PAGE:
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Added documentation to my Cohort Visualizer tool to explain what the calculations mean, reproduced here. This shit is more complicated than I remember:
A “bar” is every cohort for a particular day. A “bar segment” is one part of the bar for a day in single color, corresponding to a particular “cohort state” (like “Made two posts” above), which is usually some level of progression in the funnel.
∑↑ / ∑↕ “Percentage here and up”
Sum the bar your mouse is over vertically upward, including the bar segment your mouse is on top of. Then divide by the total sum for that bar vertically. Answers: “On this day, what percentage of users are beyond and including this cohort state in the funnel?” For the bottom bar segment this will be 100%.
∑↓ / ∑↕ “Percentage here and down”
Sum the bar your mouse is over vertically downward, including the bar segment your mouse is on top of. Then divide by the total sum for that bar vertically. Answers: “On this day, what percentage of users are before and including this cohort state in the funnel?” For the top bar segment this will be 100%.
X / ∑← “Percentage here of cumulative past sum”
Sum all bar segments from the cohort state you have your mouse over going back in time to the left, including the one your mouse is over. Divide the bar segment you have your mouse over by that sum. Answers: “What percentage of users does the highlighted bar segment represent as part of the whole past for that cohort state, including this day?”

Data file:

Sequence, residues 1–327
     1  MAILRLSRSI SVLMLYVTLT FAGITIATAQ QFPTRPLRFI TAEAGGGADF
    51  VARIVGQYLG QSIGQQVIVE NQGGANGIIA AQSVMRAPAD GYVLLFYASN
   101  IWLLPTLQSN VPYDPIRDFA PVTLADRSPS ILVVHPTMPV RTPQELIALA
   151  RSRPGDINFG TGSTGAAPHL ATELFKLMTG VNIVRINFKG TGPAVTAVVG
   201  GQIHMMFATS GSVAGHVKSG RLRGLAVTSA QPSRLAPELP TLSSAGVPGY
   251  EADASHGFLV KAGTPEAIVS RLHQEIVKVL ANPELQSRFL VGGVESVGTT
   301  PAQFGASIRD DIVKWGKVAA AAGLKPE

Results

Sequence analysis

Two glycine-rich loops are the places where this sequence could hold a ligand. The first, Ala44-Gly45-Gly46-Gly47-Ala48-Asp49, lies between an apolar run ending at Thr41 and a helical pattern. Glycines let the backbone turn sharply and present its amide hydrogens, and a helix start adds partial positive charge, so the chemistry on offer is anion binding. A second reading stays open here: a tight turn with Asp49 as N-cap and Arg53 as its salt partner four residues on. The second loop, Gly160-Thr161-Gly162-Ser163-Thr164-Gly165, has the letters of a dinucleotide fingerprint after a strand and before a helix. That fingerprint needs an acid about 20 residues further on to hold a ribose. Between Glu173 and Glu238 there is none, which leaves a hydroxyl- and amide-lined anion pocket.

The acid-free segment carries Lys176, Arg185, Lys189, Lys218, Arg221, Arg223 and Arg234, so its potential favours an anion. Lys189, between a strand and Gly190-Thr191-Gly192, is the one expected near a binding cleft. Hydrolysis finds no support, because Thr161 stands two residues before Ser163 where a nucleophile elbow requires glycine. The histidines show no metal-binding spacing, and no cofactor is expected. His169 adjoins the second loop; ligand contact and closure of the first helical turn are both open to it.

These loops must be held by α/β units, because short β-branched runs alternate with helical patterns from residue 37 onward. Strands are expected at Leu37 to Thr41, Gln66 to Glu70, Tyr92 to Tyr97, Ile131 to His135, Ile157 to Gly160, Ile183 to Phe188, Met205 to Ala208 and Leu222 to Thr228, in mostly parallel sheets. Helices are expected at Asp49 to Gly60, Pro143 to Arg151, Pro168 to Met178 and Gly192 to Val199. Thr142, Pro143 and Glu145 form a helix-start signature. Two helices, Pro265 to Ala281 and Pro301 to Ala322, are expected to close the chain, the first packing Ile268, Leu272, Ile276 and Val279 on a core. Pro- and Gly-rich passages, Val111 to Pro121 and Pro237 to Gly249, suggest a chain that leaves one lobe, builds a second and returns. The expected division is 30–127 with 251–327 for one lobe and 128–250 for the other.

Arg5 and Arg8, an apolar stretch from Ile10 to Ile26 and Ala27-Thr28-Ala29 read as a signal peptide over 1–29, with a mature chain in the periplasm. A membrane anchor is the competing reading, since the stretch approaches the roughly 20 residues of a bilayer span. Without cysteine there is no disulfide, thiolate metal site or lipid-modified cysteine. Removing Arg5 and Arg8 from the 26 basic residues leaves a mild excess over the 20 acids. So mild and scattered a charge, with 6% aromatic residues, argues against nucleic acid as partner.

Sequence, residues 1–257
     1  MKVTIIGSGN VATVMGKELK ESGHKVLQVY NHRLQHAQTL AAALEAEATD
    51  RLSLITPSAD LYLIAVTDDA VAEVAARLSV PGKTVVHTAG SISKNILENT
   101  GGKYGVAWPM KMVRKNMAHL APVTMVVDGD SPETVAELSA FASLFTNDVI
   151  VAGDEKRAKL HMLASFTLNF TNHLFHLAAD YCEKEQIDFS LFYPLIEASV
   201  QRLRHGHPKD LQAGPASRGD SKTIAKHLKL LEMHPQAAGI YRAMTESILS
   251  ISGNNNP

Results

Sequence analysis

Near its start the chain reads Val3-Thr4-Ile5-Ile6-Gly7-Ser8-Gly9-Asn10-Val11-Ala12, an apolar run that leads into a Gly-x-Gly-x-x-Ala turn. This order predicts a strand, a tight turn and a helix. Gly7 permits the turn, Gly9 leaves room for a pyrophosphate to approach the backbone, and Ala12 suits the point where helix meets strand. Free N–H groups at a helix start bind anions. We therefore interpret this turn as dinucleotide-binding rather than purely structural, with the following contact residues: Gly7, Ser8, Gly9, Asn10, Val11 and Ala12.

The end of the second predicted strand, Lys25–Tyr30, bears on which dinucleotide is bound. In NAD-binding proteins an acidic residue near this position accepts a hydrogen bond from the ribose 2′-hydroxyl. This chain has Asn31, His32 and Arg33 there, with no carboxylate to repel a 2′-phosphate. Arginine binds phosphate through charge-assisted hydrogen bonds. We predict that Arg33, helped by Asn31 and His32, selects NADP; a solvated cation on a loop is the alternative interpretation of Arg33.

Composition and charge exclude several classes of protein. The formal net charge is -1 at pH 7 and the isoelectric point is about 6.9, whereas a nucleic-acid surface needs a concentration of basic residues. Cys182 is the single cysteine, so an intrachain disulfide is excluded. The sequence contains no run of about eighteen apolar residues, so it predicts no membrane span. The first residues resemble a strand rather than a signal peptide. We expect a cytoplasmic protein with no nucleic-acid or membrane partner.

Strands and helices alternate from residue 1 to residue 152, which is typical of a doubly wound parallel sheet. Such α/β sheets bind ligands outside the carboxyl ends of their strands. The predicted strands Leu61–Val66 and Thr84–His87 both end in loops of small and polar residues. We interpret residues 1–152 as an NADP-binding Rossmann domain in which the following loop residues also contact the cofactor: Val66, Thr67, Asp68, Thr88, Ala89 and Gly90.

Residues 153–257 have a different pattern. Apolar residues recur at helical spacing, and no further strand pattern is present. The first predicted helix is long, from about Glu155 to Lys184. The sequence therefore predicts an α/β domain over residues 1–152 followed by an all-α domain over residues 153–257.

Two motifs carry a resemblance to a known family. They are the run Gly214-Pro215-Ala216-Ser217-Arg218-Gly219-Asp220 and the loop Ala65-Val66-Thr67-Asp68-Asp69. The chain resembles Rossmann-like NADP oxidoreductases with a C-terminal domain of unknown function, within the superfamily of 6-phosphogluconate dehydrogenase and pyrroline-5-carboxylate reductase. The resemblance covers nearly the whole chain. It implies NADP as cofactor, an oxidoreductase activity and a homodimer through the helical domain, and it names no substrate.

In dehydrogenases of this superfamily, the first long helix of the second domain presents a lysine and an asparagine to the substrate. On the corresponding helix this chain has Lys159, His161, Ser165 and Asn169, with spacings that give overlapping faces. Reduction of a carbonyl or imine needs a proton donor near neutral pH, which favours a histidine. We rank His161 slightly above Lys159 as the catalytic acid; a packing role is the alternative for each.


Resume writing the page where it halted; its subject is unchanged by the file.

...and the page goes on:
X / ∑→ “Percentage here of cumulative future sum”
Sum all bar segments from the cohort state you have your mouse over going forward in time to the right, including the one your mouse is over. Divide the bar segment you have your mouse over by that sum. Answers: “What percentage of users does the highlighted bar segment represent as part of the whole future for that cohort state, including this day?”
X / ∑↔ “Percentage here of cumulative sum over time”
Sum all bar segments for the cohort state you have your mouse over for all days. Divide the bar segment you have your mouse over by that sum. Answers: “What percentage of users does the highlighted bar segment represent over all time for that cohort state?”
∑← / ∑↔ “Contribution of past to cumulative sum over time”
Sum all bar segments from the cohort state you have your mouse over going back in time to the left, including the one your mouse is over. Answers: “What percentage of users over all time got into the highlighted cohort state before and including the highlighted day?” For the last day this will be 100%.
∑→ / ∑↔ “Contribution of future to cumulative sum over time”
Sum all bar segments from the cohort state you have your mouse over going forward in time to the right, including the one your mouse is over. Answers: “What percentage of users over all time got into the highlighted cohort state after and including the highlighted day?” For the first day this will be 100%.
X / Max ↔ “Percentage of maximum single day ever”
Find the biggest bar segment for the cohort state you have your mouse over for all time. Divide the bar segment you have your mouse over by the the biggest amount. Answers: “How big is this day for users to get into the highlighted cohort state compared to all other days ever?” The biggest day will be 100%.
1 - X / Max ↔ “Delta from maximum single day ever”
Find the biggest bar segment for the cohort state you have your mouse over for all time. Divide the bar segment you have your mouse over by the the biggest amount. Subtract that from 100%. Answers: “How much bigger is the biggest day ever for this cohort state compared to this day?” The biggest day will be 0%.